After the ‘Cambridge Analytica‘ debacle, Facebook has been attempting to re-instate faith in its users by building a more ‘privacy-focused’ portal. The recent Facebook F8 conference announcements are going be a game changer for both marketers and consumers. Let’s look at some of the major shifts in both user behaviour and Facebook design.
Downplaying news feed
People are starting to move away from the newsfeed to more private groups and messenger groups. Facebook is looking at ensuring interoperability between different products like Messenger, WhatsApp and Instagram to be able to make it more seamless for users.
Facebook further made this evident by announcing the redesign of the Facebook feed as we have known it. In an update that Zuckerberg calls ‘FB5’, Facebook will re-jig the interface to bring groups and events to the fore-front. The new design will have a ‘groups tab’ and a personalised feed from the groups you are a part of instead of a generalised update feed from your friends. Group interactions would show up even as you browse other sections on Facebook, putting communities right in the centre. Specific types of groups in Facebook will also see new features, such as new templates in job groups where employers can post openings and so on.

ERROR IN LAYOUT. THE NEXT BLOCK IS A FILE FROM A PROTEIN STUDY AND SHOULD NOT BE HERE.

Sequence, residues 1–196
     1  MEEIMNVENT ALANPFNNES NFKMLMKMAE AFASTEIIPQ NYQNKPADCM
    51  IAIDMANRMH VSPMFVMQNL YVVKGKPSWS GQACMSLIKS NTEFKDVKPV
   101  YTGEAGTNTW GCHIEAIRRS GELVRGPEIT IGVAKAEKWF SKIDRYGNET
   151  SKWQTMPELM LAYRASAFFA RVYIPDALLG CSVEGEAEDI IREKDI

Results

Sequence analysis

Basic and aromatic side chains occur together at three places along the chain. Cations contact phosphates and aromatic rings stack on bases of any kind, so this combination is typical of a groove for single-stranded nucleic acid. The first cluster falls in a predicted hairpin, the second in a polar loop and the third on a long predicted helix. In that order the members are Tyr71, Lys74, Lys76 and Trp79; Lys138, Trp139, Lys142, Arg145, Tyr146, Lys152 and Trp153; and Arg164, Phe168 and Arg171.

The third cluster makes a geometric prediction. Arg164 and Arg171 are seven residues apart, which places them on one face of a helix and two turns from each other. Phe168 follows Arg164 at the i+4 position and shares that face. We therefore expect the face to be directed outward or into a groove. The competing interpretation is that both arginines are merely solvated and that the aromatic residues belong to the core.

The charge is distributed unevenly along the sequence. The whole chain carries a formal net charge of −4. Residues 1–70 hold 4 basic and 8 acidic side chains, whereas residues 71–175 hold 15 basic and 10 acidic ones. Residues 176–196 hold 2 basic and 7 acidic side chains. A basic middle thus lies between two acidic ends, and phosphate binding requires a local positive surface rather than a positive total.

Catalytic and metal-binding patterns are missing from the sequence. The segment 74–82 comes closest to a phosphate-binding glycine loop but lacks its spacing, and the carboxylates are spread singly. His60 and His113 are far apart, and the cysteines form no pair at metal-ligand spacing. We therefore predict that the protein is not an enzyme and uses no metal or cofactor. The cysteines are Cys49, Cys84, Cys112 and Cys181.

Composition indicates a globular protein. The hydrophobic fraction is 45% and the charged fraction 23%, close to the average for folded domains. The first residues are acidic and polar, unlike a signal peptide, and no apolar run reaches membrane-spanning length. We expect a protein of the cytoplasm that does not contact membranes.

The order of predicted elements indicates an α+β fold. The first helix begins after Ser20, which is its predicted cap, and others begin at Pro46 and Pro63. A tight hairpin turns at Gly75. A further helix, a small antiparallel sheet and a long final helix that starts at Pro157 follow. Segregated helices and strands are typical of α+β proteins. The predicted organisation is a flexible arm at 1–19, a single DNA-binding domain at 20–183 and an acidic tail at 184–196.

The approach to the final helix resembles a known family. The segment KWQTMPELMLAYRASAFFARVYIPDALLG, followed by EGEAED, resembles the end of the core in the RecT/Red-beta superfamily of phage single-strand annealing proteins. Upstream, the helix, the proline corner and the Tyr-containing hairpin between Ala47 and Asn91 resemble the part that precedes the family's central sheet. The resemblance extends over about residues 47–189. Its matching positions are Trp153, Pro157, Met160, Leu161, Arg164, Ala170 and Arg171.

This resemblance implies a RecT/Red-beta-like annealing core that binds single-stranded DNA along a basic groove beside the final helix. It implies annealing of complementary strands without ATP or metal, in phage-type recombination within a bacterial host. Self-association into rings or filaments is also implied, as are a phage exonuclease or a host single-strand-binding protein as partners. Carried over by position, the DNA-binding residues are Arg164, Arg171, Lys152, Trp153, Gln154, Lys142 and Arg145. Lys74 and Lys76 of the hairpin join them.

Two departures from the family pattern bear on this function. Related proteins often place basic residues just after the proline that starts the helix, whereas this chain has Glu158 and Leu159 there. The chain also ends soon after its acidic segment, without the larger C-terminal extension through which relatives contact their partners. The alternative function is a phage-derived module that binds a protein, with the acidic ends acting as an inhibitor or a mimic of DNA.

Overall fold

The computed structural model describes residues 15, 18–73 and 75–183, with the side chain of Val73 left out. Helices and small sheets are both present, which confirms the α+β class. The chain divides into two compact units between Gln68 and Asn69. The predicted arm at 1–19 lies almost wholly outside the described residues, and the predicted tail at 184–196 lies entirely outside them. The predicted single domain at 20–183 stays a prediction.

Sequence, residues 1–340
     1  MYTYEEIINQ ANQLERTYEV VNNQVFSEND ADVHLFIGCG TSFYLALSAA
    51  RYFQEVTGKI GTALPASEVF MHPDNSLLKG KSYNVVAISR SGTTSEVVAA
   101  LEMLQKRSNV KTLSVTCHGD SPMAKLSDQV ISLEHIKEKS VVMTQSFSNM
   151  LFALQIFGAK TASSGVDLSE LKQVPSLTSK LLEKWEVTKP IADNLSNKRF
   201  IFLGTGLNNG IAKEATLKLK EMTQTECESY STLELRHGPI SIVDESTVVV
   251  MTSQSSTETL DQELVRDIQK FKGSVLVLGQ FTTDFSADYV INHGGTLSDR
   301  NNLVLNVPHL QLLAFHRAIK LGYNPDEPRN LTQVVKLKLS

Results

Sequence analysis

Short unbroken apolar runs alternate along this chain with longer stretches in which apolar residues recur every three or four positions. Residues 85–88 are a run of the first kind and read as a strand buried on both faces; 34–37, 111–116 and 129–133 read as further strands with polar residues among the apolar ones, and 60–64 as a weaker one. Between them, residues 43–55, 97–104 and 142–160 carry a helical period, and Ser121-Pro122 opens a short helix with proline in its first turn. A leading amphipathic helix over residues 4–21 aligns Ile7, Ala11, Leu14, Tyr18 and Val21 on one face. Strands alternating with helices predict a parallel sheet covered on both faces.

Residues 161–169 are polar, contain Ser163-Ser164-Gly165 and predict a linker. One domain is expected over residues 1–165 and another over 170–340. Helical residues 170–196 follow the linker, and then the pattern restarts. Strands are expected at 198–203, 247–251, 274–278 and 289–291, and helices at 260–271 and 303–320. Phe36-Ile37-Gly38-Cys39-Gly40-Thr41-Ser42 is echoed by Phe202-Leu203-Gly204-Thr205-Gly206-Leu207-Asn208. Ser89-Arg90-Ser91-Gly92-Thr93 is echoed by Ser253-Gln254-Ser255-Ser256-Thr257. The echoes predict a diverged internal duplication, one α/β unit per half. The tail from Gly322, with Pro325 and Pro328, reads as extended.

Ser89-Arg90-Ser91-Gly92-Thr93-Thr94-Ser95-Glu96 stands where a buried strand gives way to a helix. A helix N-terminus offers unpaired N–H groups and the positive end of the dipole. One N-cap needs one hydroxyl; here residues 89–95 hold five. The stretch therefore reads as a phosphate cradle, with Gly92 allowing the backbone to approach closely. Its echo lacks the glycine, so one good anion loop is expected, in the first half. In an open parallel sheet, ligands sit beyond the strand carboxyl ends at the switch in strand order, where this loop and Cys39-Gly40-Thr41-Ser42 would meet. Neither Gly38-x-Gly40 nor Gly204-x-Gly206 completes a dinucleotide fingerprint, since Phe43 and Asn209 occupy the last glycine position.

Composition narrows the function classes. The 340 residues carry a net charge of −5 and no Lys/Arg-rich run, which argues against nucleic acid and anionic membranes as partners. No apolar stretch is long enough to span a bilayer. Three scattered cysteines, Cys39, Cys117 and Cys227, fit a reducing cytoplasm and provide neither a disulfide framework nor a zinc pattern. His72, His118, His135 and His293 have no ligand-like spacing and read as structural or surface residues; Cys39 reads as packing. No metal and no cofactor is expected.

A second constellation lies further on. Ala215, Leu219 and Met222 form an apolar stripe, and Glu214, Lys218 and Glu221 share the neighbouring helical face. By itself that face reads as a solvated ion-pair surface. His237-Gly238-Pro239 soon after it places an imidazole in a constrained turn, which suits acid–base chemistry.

Last year Facebook had released a set of branded groups features which allowed brands to create and manage groups under their brand name. Branded groups are still being treated like standard groups in terms of ranking in the news feed. From what appears now, this would give marketers the benefit of expanded reach.
Creators will soon be able to sell products on Instagram
Facebook also has announced that creators would be able to sell directly from Instagram without having to take users to a website. This would be huge for influencer marketing. Creators can tag the products and on tapping on the products users will be re-directed to the product page and payment gateway.
Vanity Metrics being hidden on Instagram
Facebook is beta tested to hide vanity metrics such as ‘like’ counts. It wouldn’t be visible to anyone except the creator of the post which would help fight the bot spam and create more meaningful engagement.
Facebook is also seeking to launch its cryptocurrency offering. It would allow users to easily exchange money between friends. In this, Facebook wouldn’t only be looking to facilitate basic fund transfers, but it would essentially be positioning its payment network as a direct rival to Visa and MasterCard.
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